Mortgage: owe £160k @ 2.99%, 18 years to go. We pay £950/month (ouch). This was a fixed 5 year deal when we bought but we are due to remortgage at the end of the year. If interest rates stay similar to now, our monthly payment will go down to £800/month. Flat is worth around £320k tops (we bought at £290k. Similar properties have sold for around £320k in the last year or so). If we moved, we would plan to buy a house for probably £250k max.
Student loans: I have about £5k to pay off, my husband more but in the uk these loans are not worth paying off, as theyíre income dependent, so if you donít work, you donít pay.

Expenses (monthly):
Mortgage £950
Residents association £100
Council tax £116
Utilities £60
Life insurance and income protection £63
Home insurance £19
Tv license £13
Internet £27
Mobile phones £27
Spotify and Netflix £16
Petrol £45
Car insurance £56
Groceries and household - depends on the month, usually between £250-£400
Cleaner (I know!!) £60
Window Cleaner £15
Public transport £80 (although I just last week got the nerve to go back to cycling to work so this will go waaay down)
Personal spending £200 (£100 each)
Savings £500
Saving for car insurance and incidentals £140
With regards to other spending... I donít really track it. I sort of do, in that I think we usually spend around £60/week on lunches and coffee etc at work, and activities on the days when we have our little boy. And then I ďallowĒ £50 for weekend activities - going out for lunch, doing things with friends etc. We donít normally spend that much though. We try to plan our meals so we have leftovers to take for lunch at work but sometimes we donít manage, in which case, we spend a lot, other weeks we spend less.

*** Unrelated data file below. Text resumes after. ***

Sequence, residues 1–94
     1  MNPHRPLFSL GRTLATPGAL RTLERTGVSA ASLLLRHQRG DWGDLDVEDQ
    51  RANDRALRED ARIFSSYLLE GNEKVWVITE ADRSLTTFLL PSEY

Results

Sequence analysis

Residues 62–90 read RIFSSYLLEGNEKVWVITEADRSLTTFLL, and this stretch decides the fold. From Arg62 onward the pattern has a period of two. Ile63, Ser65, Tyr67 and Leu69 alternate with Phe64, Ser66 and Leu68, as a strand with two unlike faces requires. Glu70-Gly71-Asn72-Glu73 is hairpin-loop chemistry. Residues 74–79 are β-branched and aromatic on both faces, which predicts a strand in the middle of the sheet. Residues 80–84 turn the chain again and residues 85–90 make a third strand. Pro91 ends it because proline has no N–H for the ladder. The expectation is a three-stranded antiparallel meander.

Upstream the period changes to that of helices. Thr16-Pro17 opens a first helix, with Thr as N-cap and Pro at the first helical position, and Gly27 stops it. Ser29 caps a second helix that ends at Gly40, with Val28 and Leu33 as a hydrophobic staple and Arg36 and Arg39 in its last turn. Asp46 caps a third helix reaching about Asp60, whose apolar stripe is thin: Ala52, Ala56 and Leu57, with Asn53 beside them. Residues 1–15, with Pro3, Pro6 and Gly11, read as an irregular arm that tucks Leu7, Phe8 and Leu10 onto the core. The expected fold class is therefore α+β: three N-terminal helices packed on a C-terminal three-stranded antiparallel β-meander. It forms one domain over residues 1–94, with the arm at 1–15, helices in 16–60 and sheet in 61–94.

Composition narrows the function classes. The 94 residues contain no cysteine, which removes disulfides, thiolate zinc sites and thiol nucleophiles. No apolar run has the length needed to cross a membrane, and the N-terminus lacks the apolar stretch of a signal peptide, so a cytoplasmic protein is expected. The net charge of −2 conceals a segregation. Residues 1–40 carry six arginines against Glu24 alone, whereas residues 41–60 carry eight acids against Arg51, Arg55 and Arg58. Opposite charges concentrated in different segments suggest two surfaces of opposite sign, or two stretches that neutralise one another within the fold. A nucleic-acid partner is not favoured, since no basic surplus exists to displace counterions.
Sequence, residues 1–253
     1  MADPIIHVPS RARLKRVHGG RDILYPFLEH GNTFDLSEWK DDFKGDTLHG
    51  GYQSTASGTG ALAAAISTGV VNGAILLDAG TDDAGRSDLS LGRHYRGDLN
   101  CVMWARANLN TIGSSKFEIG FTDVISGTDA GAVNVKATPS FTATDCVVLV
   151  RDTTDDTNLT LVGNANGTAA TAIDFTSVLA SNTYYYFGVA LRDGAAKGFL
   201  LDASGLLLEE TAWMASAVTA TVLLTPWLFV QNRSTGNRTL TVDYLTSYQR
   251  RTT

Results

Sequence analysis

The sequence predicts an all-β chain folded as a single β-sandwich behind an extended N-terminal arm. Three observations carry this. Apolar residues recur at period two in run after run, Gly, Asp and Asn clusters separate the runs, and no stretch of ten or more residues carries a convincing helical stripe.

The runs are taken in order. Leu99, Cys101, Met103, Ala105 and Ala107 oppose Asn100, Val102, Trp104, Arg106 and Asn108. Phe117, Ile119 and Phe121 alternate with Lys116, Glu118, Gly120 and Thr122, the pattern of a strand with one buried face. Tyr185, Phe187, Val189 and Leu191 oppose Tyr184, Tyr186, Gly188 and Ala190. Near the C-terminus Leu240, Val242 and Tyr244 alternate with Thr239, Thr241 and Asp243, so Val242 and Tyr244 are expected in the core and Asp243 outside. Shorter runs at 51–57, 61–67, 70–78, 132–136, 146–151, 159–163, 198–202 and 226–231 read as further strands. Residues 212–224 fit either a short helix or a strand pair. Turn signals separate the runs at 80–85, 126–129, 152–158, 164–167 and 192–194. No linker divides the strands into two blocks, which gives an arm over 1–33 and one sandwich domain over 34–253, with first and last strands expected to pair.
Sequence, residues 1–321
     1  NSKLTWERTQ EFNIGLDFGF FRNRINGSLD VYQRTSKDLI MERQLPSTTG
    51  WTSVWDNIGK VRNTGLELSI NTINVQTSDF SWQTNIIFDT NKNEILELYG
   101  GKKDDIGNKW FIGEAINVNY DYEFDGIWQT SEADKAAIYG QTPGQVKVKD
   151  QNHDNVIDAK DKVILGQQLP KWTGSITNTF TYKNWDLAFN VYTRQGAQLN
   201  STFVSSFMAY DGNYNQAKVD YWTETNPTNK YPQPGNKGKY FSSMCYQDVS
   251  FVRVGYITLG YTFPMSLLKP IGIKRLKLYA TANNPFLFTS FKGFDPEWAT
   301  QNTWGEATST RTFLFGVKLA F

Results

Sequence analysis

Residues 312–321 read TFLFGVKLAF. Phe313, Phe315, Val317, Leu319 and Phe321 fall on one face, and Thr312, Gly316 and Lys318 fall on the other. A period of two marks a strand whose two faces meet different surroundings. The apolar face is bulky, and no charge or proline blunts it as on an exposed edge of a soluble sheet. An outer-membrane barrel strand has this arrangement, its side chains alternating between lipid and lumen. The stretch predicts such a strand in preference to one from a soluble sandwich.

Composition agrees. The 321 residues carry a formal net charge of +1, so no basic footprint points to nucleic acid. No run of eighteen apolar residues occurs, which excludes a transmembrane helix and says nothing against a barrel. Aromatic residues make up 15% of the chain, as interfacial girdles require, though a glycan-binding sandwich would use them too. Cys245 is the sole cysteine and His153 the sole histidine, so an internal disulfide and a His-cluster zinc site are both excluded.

Every few months we spend about £120 on swimming lessons for little one. We also go on holiday and Iíd guess we spend around £1000 each year on holidays. This year we are going to a farm stay for a week with our families and going to a wedding in Italy in June and July. We almost never go out in the evenings any more, so pretty much no socialising costs.

We each have a bug weakness though. Husband is obsessed with bikes. Our flat is littered with wheels, tyres, handlebars and thereís always more coming. I have no idea how much he spends, most of it is second hand but I often see PayPal payments on our statement which I assume are for bike parts. My weakness is treating myself. I feel like Iíve had a rough year with depression and losing a lot of my identity, and I shop emotionally... it varies massively month to month. When I was on maternity leave, I had a LOT of time with a sleeping baby on me and Iíd just browse websites and buy stuff. Not great. The plan is that each having £100 to spend each month will get us used to having that as our fun money and if we want to spend more, tough shit, you have to wait until next month and save up.